5Transgender etiquette What do I call you?- Transgender and gender nonconforming youth use a number of words to describe their lives and gendered experiences. To list just a few examples, these students may refer to themselves as trans, transsexual, transgender, male-to-female (MTF), female-to-male (FTM), bi-gender, two-spirit, trans man, trans woman, and a variety of other terms. Terminology and language describing transgender individuals can differ based on region, language, race or ethnicity, age, culture, and many other factors. Generally speaking, school staff and educators should inquire which terms students may prefer and avoid terms that make these students uncomfortable; a good general guideline is to employ those terms which the students use to describe themselves. “Transgender” is an adjective, not a noun so it is more appropriate to say “transgender person” instead of “transgender”.
6Transgender etiquette What pronoun do I use?- Pronouns for the identified gender.What questions can I ask?- The questions you would ask of any person regardless of gender identity.What information can I share with others, including other students’ parents?- Only the information you can provide regarding any person/student regardless of transgender. FERPA restrictions apply.
7Transgender etiquette What should I require as proof that the student is not just kidding around? - Accept the student’s assertion of his/her gender identity and not require particular substantiating evidence. However, if district personnel have a credible basis for believing that a student’s gender-related identity is being asserted for an improper purpose, this basis should be documented and a written response should be provided to the student and, if appropriate, his/her parents or guardians. May want to ask the student if you can discuss with parent/guardian and seek conversation with parent/guardian to ensure protection and accommodation of student’s gender identity and practical issues (e.g., bathroom and locker room usage, student’s preferred name and any name change, student’s needs during transition to identified gender).What if I personally have a problem with this?- Just like any issue you personally disagree regarding (e.g., religion,sports, politics), we are all professionals and expected to give others theupmost respect and courtesy.
8Transgender Why does this matter? - Legal liability of school district for violation of law.The National Transgender Discrimination Survey illustrates the alarming extent of the problem: 78% of respondents who were out as trans while in K-12 school indicated that they had been harassed on the basis of their gender identity, with over one-third (35%) reporting that the harassment escalated to physical assault. The abuse could be so severe that it resulted in almost one-sixth (15%) leaving school to escape. Those who are able to persevere had significantly lower GPAs, were more likely to miss school out of concern for their safety, and were less likely to plan on continuing their education, according to data from GLSEN2. Perhaps most alarmingly, 51% of NCTE survey respondents who had been bullied reported attempting suicide.All students deserve our protection and our concern. As stated by the USDOJ and USED OCR, all students have the right to go to school without fearing harassment or discrimination on the basis of their sex, including because they do not conform to gender stereotypes. A school’s failure to address and prevent harassment can have tragic consequences. If students aren’t safe, then they aren’t learning.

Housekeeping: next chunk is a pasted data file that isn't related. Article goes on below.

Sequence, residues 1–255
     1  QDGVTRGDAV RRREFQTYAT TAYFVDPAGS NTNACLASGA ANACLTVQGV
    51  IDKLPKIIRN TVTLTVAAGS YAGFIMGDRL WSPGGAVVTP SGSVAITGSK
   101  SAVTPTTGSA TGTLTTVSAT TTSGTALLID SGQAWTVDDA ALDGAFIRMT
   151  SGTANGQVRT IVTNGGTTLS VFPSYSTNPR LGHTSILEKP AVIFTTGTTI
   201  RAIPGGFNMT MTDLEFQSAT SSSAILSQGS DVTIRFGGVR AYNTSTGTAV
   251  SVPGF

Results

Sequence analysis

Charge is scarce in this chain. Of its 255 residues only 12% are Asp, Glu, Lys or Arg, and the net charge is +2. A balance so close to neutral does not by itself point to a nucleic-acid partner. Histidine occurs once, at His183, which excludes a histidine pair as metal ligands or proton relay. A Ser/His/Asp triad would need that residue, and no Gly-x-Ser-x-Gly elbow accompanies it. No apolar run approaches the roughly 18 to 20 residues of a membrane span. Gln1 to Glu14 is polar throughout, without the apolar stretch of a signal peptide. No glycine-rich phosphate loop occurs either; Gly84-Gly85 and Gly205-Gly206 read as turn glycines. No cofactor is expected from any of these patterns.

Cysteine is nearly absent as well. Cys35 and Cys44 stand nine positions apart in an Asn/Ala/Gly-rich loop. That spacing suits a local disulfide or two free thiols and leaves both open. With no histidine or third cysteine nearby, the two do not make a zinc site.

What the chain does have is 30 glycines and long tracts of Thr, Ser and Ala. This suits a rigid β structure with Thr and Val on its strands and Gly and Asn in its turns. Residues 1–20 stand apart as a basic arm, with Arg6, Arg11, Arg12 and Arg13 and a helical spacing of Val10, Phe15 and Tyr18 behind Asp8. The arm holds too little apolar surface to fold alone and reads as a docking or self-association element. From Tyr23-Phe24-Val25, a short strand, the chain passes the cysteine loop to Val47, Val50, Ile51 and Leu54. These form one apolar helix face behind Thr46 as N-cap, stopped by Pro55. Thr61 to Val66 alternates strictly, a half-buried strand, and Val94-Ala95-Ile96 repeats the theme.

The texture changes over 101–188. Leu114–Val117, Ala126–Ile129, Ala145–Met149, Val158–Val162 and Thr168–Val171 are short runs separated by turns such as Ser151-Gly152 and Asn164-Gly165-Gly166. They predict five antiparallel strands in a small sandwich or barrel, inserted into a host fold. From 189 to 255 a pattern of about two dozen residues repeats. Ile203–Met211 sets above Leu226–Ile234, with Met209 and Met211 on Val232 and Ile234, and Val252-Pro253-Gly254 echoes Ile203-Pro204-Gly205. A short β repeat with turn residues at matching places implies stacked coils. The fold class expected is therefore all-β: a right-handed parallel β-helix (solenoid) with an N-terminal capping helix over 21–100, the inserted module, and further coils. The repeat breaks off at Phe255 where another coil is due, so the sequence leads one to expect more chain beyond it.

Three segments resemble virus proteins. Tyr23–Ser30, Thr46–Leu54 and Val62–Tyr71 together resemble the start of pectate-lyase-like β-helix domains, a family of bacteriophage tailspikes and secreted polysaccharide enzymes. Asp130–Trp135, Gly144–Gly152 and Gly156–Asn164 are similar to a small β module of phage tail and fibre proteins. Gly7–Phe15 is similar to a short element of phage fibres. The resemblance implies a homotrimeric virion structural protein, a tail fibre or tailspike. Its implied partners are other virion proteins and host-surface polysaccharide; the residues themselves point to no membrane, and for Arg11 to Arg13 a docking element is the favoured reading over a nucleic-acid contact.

9Transgender policiesHow should school districts handle protection of transgender and non-transgender students and their rights?- Revision of the policies NOW, the typical time for policy revision, is best. This provides the notice of the protection and rights of all students without drawing attention to schools’ handling of student transitions to an identified gender. This protects the privacy of the transgendered students while providing other students the notice of the possibility of transition and use of identified gender locker rooms and restrooms before the period of any student’s transition.
10Transgender resources National Center for Transgender Equality (NCTE)California School Boards Association Model Policy and Policy Brief on Transgender Students